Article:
Liverpool Sound City 2013 showcases a feral ferocity, dumb rock and roll and some late night marching in a stately theatre, Getintothis Andy Kelly loses a few brain cells.
It’s always great when your first band of the festival proves a real winner but it didn’t happen for me this year. A sweat-drenched Zanzibar full to the rafters wasn’t enough to inspire The Family Rain to any real musical heights.
The Bath-based group sounded like they looked – distinctly average. Made up of two twin brothers and their older brother, they promised us a set inspired by the legends of rock in the festival programme but the whole thing felt distinctly flat.
They had that familiar stacatto guitar approach that everyone has been trying to perfect since the first Strokes record and like nearly everyone else they failed to pull it over.
The Family Rain – daft and a bit disappointing
The singer takes to the front row of the crowd near the end in an attempt to inject some real dynamism into things but he admits “it didn’t work” as he returns to the stage. Disappointing.
Next it’s off to Screenadelica for the Iron Witch and yes, we have lift off!
The local lads are a sight to behold, half with their tops off, bulging tattoes to the fore. They take the sarcastic cries of “Chippendales” in the good spirit intended and deliver a blinding set of heavy riffs interspersed with slower threatening build-ups which prepare you for the assault ahead.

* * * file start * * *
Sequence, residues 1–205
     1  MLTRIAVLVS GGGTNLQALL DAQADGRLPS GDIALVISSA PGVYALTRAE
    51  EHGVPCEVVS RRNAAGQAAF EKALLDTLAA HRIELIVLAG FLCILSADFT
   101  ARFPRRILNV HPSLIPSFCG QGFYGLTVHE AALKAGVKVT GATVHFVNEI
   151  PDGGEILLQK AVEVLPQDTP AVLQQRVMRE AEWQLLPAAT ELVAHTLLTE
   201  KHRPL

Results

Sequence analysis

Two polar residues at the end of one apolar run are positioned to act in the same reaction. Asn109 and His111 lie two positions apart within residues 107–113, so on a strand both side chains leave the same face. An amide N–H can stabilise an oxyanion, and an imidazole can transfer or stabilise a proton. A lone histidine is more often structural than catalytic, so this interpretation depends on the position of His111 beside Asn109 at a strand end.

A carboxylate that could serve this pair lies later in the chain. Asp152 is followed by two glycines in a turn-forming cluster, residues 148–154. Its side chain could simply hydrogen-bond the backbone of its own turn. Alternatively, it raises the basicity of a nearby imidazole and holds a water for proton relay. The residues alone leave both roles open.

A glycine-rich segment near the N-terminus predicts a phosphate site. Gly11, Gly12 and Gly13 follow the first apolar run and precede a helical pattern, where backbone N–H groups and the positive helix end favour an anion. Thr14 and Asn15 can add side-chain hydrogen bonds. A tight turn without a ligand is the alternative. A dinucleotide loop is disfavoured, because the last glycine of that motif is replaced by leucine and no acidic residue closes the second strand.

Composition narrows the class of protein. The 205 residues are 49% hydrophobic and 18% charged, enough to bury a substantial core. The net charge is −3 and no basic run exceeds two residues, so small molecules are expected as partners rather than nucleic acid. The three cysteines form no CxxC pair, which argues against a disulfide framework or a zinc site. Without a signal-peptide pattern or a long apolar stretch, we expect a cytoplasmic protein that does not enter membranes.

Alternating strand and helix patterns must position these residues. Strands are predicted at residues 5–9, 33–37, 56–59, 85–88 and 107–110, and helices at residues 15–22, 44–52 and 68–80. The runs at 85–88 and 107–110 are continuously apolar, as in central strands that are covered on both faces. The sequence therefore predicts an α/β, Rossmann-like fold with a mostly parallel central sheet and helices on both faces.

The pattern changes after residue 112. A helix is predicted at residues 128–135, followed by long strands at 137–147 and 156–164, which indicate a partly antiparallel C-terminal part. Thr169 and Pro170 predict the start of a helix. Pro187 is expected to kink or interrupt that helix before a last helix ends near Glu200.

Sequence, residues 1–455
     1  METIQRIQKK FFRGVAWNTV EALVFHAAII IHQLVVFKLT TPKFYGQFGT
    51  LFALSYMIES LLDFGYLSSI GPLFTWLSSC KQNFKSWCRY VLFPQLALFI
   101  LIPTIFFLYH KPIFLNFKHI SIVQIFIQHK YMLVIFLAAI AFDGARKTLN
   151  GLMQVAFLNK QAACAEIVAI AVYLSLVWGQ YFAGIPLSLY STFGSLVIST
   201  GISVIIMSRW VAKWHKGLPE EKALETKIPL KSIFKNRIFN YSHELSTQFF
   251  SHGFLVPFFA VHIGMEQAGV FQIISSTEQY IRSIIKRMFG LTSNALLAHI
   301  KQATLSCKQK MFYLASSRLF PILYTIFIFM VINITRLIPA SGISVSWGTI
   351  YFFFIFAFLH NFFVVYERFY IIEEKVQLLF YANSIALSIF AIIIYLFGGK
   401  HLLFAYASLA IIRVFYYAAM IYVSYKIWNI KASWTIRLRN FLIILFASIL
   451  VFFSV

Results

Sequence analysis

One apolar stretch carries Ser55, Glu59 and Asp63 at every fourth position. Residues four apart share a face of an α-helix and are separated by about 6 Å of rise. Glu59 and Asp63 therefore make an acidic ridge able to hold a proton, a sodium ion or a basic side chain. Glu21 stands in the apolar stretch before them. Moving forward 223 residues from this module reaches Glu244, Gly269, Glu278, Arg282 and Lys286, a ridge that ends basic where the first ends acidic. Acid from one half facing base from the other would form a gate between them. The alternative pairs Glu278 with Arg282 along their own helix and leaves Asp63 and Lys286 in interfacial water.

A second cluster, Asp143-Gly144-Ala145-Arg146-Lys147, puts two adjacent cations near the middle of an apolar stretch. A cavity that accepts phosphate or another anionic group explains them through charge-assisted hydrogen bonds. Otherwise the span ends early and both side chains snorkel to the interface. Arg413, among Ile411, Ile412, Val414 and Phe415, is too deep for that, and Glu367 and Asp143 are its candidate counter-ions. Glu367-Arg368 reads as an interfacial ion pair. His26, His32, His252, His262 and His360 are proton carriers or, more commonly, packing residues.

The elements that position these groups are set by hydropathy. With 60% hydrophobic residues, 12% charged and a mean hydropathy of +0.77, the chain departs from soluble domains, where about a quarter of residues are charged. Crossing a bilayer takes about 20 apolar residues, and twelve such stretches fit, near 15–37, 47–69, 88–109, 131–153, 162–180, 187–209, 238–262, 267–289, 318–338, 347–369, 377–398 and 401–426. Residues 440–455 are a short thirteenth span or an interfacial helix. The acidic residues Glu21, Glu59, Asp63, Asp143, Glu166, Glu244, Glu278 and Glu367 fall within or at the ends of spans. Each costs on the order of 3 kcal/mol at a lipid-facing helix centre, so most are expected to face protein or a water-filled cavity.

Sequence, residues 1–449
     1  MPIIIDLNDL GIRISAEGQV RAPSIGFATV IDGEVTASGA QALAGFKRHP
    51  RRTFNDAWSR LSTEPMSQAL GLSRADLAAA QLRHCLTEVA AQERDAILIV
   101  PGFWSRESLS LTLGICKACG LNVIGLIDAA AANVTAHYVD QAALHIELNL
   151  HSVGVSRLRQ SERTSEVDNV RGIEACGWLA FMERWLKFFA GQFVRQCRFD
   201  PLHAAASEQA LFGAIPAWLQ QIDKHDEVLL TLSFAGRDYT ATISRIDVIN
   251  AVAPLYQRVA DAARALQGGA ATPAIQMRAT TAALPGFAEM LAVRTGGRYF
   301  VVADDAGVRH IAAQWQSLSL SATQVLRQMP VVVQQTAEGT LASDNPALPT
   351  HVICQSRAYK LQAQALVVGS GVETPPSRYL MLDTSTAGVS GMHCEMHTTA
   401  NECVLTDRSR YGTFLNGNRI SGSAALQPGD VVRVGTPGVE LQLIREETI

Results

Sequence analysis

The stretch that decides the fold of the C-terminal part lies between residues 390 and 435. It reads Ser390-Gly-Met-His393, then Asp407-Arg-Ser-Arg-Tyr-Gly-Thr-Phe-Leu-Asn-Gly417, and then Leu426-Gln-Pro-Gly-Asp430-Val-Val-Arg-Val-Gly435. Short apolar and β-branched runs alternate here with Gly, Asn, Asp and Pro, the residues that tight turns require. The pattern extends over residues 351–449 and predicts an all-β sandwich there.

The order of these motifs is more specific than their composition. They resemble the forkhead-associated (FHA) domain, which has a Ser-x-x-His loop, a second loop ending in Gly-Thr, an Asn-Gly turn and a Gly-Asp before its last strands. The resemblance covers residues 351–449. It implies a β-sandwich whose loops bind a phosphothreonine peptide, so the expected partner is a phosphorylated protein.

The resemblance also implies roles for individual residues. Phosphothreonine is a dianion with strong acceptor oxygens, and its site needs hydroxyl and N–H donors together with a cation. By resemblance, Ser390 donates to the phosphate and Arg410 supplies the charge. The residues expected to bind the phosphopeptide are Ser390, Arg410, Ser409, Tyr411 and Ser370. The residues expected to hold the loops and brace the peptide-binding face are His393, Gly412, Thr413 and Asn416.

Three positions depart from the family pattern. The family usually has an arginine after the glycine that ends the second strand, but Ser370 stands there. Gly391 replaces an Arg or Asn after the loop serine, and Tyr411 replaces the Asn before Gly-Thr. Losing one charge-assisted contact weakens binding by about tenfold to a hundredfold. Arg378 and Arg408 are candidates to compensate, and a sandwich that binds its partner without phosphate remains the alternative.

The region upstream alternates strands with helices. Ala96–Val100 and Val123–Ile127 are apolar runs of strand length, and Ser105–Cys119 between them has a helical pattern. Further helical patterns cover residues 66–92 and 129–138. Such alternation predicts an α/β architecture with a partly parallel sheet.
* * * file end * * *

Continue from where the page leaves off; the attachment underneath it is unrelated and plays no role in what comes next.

Whatever they’re passing round in that hip flask, it’s certainly doing the trick! Several people at the front are shaking their heads back and forth in a most excited manner though I desist due to the recent research showing it can kill two brain cells each time. But hey if you’re going to waste brain cells on anyone, you can do a lot worse than these boys. Catch em soon.
“We’re from Leeds” announces the female singer of Black Moth though she probably didn’t need to bother. Black Moth could only be from Leeds, that northern bastion of dark, heavy rock n roll.
They are a coiled spring of a band, full of sinister intent who would quite like to blow your entire head away, hanging out in the badlands of the rock/metal border and wiping out anything in their path. I don’t think tonight will be their finest hour and I didn’t feel the vocals added much to the overall effect but an enjoyable set nonetheless.
Stealing Sheep offered a change of pace
Finally a distinct change of pace and it’s down to the Epstein for Stealing Sheep, Liverpool faves and recent GIT Award nominees for their impressive debut album.
By now with a few scoops under my belt, I’m ready for a bit of a trip and our three glitter-clad heroines instantly transform the scenes to somewhere in middle England round about 1583. Their medieval harmonies have an almost hypnotic quality, as if they’ve delivered some sort of psychedelic potion to the brain with their chant-like folk intonations. In our brain, we’re seeing Kate Bush‘s three younger sisters being pursued across a field by Tess of the D’Urbervilles while Arthur and the Knights watch on from the sidelines.
My only worry is that it can all sound a little samey, although this is offset with the arrival of a 10-strong marching band in support late on. The chap on the front row of the balcony is desperately trying to get his paper aeroplanes to float down to the Epstein stage but, unlike most of his efforts, Stealing Sheep may be ready to really take flight.
Pictures by Getintothis’ Sakura and Marie Hazelwood.